Nigerian banks, others borrowed N30.45tn from CBN in Q1 2024 – Report

Onwubuke Melvin
Onwubuke Melvin

Nigerian banks and merchant banks in the first quarter of this year, borrowed a sum of N30.45 trillion from the Central Bank of Nigeria, an increase of 514 per cent Year-on-Year from N4.96 trillion in the first quarter of 2023, amid excess liquidity.

To access liquidity to run their day-to-day business operations, the CBN provides the Standing Lening Facility, a short-term lending window for banks and merchant banks.

In the CBN data analysed, banks and merchant banks borrowed N2.75 trillion in January, a 419.95 per cent YoY increase from N528.16 billion in January 2023, while in February 2024, a total of N5.97 trillion was borrowed by banks through the SLF, a significant increase of 1,214 per cent YoY from N453.7 billion February 2023, according to Thisday.

In addition, banks and merchant banks borrowed N21.74 trillion from CBN in March 2024, a growth of 446.9 per cent YoY growth from N3.98 trillion borrowed in March 2023.

Experts ascribed the increment in banks borrowing from CBN to the dwindling Naira at the foreign exchange market, in addition to rising inflation and apex bank mopping up excess liquidity in the financial sector.

Commenting, the Chief Executive Officer of the Centre for Promotion of Private Enterprises, Dr. Muda Yusuf stated, “This is a reflection of liquidity pressure some of the banks are going through. The facility is typically short-term.

“This may not necessarily indicate that the banks are stressed or unstable. Meanwhile, the recapitalisation of banks is long overdue. The minimum capital requirement of N25 billion is no longer adequate if discounted for inflation.”

Meanwhile, the Vice President of Highcap Securities, Mr. David Adnori, said, “The development points to a lack of liquidity on the part of banks. Monetary policy has been tightening and this has led to low liquidity. It is cheaper for banks to borrow from the CBN. This development is not positive but negative. We cannot continue to tighten because it will reflect on economic growth.”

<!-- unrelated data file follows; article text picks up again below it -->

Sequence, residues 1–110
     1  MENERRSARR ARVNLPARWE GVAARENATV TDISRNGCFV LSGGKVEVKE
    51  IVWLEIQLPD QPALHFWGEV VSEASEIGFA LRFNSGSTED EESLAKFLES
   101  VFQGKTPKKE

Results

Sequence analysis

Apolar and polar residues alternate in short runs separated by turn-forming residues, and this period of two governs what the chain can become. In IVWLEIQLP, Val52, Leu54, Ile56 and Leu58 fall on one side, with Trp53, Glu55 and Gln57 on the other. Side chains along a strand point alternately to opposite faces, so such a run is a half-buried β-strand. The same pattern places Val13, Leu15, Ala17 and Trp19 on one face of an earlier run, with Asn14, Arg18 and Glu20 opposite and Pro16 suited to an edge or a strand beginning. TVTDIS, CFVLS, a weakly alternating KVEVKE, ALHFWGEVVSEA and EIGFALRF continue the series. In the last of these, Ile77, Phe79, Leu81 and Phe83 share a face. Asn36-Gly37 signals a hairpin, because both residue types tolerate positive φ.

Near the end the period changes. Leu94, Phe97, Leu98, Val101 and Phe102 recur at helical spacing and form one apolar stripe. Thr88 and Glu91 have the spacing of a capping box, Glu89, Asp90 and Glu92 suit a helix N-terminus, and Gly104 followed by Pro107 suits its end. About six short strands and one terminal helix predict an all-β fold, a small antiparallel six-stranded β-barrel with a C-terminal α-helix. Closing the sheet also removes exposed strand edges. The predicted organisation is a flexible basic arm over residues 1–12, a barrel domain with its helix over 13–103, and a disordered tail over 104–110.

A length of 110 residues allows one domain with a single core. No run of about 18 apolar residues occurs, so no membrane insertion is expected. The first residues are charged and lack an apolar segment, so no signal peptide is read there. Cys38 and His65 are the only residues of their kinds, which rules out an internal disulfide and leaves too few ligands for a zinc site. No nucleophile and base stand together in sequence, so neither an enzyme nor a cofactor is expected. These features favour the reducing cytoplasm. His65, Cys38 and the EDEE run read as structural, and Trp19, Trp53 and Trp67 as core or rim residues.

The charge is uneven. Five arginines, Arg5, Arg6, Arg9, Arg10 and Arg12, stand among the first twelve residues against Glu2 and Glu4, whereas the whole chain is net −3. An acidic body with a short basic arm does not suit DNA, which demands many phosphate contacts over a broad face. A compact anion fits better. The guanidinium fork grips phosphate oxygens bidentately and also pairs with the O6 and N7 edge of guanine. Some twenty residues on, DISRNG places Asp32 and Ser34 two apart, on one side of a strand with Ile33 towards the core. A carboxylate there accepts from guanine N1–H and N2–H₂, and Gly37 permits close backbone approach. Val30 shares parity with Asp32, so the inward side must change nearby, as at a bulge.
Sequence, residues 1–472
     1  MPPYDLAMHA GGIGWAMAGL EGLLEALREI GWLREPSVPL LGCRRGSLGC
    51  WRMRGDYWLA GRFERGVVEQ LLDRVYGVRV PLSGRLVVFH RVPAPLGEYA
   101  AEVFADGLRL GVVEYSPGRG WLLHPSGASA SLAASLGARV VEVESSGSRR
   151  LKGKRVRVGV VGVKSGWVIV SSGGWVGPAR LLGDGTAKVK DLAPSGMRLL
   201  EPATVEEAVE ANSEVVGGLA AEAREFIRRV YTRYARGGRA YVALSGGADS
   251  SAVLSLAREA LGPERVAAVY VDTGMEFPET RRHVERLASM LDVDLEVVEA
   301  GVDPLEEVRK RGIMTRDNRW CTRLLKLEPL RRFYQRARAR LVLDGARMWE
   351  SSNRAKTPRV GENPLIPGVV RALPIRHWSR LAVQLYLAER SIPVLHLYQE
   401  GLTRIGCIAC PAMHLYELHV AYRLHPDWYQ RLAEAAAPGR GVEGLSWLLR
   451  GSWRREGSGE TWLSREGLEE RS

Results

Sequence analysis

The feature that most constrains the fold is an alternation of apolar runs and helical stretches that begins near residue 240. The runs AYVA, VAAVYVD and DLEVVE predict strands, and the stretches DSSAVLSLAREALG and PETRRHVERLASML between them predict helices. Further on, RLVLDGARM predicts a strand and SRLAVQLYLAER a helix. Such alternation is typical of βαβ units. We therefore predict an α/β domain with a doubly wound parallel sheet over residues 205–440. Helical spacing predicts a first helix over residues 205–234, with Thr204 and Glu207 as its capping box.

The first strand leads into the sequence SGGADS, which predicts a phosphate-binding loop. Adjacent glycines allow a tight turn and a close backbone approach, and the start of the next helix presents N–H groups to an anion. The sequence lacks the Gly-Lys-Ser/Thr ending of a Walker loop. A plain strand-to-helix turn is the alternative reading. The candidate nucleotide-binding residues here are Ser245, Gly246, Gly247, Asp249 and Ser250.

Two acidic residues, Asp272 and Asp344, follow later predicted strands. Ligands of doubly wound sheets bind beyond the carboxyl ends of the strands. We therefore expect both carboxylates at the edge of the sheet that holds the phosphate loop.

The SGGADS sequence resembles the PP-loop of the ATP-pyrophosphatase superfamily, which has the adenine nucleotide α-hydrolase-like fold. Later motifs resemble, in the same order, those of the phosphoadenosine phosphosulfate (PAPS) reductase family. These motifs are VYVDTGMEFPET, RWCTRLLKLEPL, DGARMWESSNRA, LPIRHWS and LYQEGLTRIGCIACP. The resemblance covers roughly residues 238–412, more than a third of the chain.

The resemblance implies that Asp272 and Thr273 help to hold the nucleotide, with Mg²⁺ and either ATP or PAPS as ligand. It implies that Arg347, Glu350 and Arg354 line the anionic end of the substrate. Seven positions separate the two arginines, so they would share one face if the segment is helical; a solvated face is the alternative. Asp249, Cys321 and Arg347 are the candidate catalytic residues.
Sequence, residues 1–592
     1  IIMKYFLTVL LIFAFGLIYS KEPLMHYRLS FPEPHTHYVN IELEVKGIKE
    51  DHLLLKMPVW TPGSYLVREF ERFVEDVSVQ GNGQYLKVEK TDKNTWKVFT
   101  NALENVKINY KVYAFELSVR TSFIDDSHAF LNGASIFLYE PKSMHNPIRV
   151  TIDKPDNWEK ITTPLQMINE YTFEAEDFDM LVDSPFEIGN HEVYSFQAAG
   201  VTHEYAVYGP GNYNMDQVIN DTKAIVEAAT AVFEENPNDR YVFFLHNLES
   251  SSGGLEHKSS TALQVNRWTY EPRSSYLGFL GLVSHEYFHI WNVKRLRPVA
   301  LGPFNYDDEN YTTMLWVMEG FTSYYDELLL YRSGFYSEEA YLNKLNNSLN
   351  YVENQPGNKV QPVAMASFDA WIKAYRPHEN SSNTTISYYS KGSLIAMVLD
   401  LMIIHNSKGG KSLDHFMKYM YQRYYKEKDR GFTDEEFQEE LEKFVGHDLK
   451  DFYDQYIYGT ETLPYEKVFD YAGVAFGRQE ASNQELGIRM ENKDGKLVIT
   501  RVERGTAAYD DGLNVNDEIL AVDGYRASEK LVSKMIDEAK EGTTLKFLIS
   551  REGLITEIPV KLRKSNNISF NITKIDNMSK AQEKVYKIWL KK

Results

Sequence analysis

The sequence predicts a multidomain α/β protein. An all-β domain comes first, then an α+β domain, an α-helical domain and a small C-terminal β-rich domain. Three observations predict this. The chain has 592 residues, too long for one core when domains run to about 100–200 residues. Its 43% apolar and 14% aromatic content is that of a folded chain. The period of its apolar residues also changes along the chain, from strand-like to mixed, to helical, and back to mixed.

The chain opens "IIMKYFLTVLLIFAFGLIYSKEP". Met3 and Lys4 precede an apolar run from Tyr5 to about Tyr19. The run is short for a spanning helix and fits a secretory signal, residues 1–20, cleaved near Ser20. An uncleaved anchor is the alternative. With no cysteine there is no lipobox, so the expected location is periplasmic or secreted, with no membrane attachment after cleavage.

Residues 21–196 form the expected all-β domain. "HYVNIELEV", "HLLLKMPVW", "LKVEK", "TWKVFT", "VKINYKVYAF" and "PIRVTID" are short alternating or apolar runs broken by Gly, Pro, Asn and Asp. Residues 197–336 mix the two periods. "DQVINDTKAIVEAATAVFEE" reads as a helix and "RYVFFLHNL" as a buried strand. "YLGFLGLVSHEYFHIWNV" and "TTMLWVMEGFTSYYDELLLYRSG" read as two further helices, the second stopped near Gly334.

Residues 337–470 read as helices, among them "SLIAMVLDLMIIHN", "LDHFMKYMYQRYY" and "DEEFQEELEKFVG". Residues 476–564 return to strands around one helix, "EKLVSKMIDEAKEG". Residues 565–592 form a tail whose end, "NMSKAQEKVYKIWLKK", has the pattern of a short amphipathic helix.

One of the approaches adopted by the CBN to tighten liquidity in the financial system was when the Monetary Policy Committee of the CBN in March 2024 unanimously narrowed the asymmetric corridor to +100/-300 basis points around the Monetary Policy Rate.

At its second meeting in 2024, the Monetary Policy Committee of the Central Bank voted to raise the MPR significantly to 24.75 %, above our expectations of 150 basis points.

The committee voted to retain Cash Reserve Requirement at 45.0 per cent and retained the Liquidity ratio at 30 per cent.

In addition, the CRR for merchant banks has been raised from 10% to 14.0 %.

The data also showed that banks and merchant banks’ deposits with CBN dropped by 7.29 per cent to N1.6 trillion in Q1 2024 from N1.73 trillion in Q1 2023.

Banks and merchant banks make use of the SDF to deposit excess funds with the CBN and it comes with interest.

SDF is an overnight deposit facility that allows banks to park excess funds to CBN and earn interest.

The Central Bank of Nigeria Governor, Mr Olayemi Cardoso announced that the removal of a ceiling on remunerative SDFs would result in increased liquidity management and increased activities at the window.






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